• Name
• Date of birth for individuals.
• Address.
• Identification number.

There are well established rules for the types of identification that are considered acceptable. The goal of the CIP program must be that a financial institution has to establish with a reasonable certainty that the person who is attempting to open an account is who they say they are. For business accounts, the requirements are the same although the form of identification takes on different forms e.g., name would be the legal name of a business and identification number would be the tax identification number.
Once the identity of a customer is established; the KYC portion of a compliance program comes into play. Depending on the types of transactions that the customer says that they will conduct, additional information is necessary. For example, if the customer is a flower shop, then information about how long they have been in business, who their customers are, how the flowers are sold and the means for payment, etc. are all pieces of information that are necessary for a financial institution. Using this information, the financial institution can keep transactions conducted by the customer in context. In other words, if the flower shop sells mostly orchids, it is reasonable that there would be wires to regions of the country where orchids are grown.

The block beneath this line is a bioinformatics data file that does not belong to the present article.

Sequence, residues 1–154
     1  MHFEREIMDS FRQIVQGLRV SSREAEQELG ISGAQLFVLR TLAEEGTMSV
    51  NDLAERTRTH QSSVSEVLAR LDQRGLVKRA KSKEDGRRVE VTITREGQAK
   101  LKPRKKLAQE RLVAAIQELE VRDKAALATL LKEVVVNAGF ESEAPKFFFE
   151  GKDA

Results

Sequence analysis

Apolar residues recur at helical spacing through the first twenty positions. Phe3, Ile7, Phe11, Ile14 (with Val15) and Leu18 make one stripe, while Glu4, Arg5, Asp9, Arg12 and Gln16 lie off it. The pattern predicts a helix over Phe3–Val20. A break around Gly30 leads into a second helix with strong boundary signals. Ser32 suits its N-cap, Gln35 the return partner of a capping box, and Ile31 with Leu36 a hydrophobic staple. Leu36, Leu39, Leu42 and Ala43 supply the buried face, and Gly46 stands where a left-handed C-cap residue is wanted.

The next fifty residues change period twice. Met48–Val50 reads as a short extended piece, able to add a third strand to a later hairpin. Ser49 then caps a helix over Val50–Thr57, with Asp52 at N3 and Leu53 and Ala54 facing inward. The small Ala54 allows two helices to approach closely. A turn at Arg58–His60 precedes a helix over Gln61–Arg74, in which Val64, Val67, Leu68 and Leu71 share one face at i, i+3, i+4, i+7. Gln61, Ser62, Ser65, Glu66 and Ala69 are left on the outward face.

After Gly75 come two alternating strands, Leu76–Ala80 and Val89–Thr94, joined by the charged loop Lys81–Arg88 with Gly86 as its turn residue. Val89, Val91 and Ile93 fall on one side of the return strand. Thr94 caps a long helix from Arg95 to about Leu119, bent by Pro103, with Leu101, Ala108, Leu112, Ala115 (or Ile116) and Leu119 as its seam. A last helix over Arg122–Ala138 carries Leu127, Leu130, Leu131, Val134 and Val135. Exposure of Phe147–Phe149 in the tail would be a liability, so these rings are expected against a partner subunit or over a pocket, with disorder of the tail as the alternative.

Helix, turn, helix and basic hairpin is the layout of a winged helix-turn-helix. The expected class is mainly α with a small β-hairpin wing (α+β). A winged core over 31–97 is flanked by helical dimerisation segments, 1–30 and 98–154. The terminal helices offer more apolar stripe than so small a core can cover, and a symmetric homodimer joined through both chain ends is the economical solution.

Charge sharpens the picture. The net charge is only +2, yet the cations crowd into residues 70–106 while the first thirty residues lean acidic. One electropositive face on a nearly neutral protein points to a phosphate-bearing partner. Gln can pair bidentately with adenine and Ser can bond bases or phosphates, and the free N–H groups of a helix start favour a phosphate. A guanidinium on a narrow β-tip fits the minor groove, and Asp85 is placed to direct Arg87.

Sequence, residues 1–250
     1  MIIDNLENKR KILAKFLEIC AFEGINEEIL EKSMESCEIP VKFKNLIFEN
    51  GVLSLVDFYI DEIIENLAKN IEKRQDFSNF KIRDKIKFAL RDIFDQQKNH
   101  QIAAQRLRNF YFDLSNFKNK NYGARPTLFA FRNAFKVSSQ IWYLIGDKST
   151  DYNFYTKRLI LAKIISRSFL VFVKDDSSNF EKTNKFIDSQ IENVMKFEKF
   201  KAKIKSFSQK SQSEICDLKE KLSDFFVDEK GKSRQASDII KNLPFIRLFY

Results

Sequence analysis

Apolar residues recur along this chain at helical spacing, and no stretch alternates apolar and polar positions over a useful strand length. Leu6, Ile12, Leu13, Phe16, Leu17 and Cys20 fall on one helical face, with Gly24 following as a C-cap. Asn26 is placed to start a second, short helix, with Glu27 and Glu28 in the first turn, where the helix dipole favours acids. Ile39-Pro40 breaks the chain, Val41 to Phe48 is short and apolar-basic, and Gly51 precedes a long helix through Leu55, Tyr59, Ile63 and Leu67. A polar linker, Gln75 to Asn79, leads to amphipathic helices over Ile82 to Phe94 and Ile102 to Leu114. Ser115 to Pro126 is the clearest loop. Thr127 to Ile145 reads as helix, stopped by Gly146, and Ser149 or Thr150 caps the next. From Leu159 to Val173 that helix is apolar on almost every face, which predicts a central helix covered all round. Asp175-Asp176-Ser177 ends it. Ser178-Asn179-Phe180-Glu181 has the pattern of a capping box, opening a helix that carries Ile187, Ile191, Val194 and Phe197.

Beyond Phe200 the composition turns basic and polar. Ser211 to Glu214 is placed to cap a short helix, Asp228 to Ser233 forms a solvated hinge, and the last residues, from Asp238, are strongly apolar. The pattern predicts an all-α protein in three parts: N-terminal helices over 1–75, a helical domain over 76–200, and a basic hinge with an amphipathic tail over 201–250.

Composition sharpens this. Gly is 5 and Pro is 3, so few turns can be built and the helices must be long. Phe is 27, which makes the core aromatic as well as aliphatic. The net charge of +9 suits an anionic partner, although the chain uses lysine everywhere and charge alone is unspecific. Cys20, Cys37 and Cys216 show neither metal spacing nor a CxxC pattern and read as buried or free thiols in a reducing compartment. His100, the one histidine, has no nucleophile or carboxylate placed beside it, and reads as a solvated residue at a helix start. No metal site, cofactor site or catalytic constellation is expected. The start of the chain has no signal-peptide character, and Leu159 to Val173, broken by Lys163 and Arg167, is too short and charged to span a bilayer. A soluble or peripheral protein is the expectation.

It is through CIP and KYC that all of the information that gathered on a client is filtered. Individual transactions may or may not be considered suspicious based upon the KYC and CIP obtained about a client. Using the flower shop example above, wires or ACH activity to war-torn regions of the world would seem at least very unusual for orchids.
CIP and Unintended Consequences